Well In general I agree, but what's generally true for us isn't necessarily true for the everyone one on this website (or come to that every type of game I might conceivably want to run)
Absolutely ... but until we can find one person who is actually playing GURPS and finds that the rules for long-range musketry make their games less fun, its probably not a good idea to worry too much. Playing around with ways to represent things in the real world can be fun, but in my experience it does not have much impact on play unless all the work can be front-loaded. Even then, it may be more a GM's worry than a player's worry, like setting design.

It would have been better if they had clarified how cheap firearms work in HT, but GURPS is very complex, and because citing sources is against house style, books which are compiled from earlier GURPS products or contain a lot of technical details are hard to write and edit.
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Old 05-11-2016, 12:28 PM   #19
Anthony
 
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Default Re: Handling Long-Range Musketry

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Originally Posted by Tomsdad View Post
If reality is that accuracy in general is maintained for longer but then drops faster past a certain point, that to me that sounds like the underlying issue is how range table spaces the range penalties by distance.
It's not really.

For pretty much any modern weapon, hit probability for a correctly aimed shot at 100 meters will be 100%. In the real world, shots at 100 meters do not hit anywhere near 100% of the time. This tells us that most shots are not in fact correctly aimed -- i.e. the issue is shooter error, not anything about the gun. GURPS skill is mostly about error rates.

A more realistic version of accuracy than what GURPS does would be an aim bonus that is completely determined by the ergonomics of the weapon, and then a maximum skill that is determined by the intrinsic accuracy of the gun.
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Old 05-11-2016, 12:31 PM   #20
Varyon
 
Join Date: Jun 2013
Default Re: Handling Long-Range Musketry

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Originally Posted by Polydamas View Post
Absolutely ... but until we can find one person who is actually playing GURPS and finds that the rules for long-range musketry make their games less fun, its probably not a good idea to worry too much. Playing around with ways to represent things in the real world can be fun, but in my experience it does not have much impact on play unless all the work can be front-loaded. Even then, it may be more a GM's worry than a player's worry, like setting design.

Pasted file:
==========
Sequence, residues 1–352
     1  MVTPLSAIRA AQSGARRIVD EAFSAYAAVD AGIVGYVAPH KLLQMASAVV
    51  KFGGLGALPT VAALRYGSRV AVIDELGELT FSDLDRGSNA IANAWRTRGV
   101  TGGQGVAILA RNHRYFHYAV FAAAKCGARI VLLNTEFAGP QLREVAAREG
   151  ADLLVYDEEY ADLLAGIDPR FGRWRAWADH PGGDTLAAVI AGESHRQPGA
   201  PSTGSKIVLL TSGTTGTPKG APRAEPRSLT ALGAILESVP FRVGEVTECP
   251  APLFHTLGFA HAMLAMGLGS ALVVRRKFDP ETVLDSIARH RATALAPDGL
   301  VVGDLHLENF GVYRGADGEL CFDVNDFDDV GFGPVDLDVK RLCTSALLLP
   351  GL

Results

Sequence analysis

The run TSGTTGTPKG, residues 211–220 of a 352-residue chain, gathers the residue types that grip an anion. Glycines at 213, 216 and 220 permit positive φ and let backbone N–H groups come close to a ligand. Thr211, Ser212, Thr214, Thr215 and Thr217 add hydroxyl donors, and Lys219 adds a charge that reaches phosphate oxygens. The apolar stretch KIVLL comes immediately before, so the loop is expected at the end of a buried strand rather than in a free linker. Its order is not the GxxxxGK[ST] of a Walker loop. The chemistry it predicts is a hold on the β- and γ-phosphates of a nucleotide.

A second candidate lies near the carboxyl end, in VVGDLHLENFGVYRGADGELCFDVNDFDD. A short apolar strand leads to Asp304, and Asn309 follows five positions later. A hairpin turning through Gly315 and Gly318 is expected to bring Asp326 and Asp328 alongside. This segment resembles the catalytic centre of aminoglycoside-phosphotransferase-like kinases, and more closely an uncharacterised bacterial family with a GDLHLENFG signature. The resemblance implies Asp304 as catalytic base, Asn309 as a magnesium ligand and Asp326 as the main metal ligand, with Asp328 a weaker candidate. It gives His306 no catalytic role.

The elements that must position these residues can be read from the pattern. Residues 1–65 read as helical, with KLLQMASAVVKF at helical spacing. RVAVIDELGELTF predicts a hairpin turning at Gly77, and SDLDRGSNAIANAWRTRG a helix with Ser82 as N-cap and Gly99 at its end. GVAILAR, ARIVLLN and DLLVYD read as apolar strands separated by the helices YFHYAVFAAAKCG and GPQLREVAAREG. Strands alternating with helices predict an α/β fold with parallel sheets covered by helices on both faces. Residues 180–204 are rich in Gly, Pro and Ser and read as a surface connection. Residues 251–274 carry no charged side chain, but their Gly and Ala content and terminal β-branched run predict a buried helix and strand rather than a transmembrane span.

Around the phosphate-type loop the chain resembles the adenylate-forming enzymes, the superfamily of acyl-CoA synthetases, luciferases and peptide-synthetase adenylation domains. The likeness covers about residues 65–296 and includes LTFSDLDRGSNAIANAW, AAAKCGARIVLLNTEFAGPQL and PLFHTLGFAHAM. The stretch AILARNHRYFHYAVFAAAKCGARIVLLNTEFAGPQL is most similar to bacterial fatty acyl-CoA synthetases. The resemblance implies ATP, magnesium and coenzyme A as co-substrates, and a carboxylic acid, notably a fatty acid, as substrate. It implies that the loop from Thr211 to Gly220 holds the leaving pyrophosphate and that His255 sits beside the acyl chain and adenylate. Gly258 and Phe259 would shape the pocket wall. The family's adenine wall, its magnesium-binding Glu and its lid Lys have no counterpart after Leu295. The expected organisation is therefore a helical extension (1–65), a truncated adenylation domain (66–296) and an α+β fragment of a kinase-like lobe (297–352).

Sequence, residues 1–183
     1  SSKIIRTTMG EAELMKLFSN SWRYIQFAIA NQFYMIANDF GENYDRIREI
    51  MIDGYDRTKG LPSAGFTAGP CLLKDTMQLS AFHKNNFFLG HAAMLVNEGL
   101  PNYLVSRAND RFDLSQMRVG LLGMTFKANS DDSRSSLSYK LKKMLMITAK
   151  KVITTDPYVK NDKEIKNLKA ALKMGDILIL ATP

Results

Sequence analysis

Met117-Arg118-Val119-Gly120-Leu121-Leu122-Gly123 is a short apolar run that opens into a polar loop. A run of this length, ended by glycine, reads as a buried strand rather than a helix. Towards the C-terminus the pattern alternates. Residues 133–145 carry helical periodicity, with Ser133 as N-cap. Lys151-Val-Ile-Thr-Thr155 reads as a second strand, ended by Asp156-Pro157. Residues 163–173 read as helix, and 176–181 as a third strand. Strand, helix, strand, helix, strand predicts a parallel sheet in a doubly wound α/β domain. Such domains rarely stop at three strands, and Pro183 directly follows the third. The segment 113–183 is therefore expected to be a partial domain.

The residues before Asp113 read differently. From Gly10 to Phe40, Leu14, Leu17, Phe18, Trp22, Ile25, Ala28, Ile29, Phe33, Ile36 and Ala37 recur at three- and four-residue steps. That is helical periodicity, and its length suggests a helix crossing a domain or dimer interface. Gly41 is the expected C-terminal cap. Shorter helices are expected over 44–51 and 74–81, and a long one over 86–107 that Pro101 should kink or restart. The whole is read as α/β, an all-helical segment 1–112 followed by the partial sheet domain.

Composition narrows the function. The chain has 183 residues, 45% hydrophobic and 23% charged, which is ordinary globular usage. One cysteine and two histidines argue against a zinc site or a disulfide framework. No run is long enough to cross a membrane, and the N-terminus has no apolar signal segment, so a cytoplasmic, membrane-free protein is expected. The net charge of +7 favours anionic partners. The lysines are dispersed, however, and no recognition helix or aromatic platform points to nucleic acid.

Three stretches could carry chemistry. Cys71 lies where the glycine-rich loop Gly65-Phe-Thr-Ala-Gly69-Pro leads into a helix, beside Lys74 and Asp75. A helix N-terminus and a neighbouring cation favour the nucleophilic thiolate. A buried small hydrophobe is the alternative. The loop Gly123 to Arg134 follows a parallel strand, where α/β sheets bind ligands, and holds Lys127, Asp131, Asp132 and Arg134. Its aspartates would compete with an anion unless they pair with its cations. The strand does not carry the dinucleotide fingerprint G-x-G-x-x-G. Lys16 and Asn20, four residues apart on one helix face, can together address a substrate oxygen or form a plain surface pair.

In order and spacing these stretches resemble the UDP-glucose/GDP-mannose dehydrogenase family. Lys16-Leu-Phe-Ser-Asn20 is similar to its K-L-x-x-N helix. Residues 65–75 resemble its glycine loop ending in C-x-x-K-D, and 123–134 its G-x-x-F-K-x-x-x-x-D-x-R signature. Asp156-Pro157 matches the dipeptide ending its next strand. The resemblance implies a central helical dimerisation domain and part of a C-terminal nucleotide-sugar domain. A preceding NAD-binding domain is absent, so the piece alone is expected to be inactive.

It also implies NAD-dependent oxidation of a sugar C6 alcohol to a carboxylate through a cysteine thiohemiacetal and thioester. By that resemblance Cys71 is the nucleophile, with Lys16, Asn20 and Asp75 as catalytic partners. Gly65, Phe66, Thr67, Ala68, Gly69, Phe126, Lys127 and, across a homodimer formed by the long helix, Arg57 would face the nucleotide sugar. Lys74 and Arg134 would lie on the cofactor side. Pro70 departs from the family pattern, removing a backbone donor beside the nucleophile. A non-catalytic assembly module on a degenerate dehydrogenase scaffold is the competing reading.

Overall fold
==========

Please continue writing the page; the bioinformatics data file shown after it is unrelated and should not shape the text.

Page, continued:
My suggestion isn't much more of a hassle to use than the Time of Flight rules, and if opting for the low-resolution version is fairly easy to frontload - all smoothbores would have an additional Range value, call it Effective Range or whatever, which would designate the point after which it suffers a -2 per Range increment, rather than a -1. You could add it in parentheses after the weapon's Range. So, you might have a weapon that is Range 120/1200 (70), which means for a 200 yard shot you're at the normal -12 for Range, then another -3 (for being 3 steps beyond 70) for drift. I think a more important factor, however, might be adjustments for proper MoA - if smoothbores do indeed hover around MoA 36, that's a maximum effective skill of 21*, which is reachable without having a cinematic character (unlike effective skill of 26).

That said, the above is likely more useful to answer the question of "Why bother with rifles when muskets are only marginally less accurate and can be loaded more quickly?" which is, as you noted, more a GM/setting question than a player question (where "+1 Acc on a weapon I can only use once per combat anyway? Yes, please" is the answer).

*Assuming I'm figuring out maximum skill correctly, anyway. I figured out how it goes a while back and am basing my current numbers off of old posts, as I don't remember exactly how it's meant to be calculated. MoA 36 is a grouping of around 1 yard at 100 yards, meaning you can just barely hit a circular target with a 1 yard diameter, which would be right around SM 0, at 100 yards (-10 to hit). A roll of 10.5 implies normal conditions; a higher or lower roll means luck was (perhaps slightly) for (lower roll) or against (higher roll) you. Round this up to 11 (implying luck being slightly against you), or use the optional "Taking 11" rule, and that means effective skill of 21.
(EDIT: Looks like MoA actually refers to a 69% hit rate, which is more like a roll of 11.5 or 12. That would mean effective skill of 21.5 or 22)

Quote:
Originally Posted by Anthony View Post
A more realistic version of accuracy than what GURPS does would be an aim bonus that is completely determined by the ergonomics of the weapon, and then a maximum skill that is determined by the intrinsic accuracy of the gun.
Yes, please.

Last edited by Varyon; 05-11-2016 at 12:54 PM.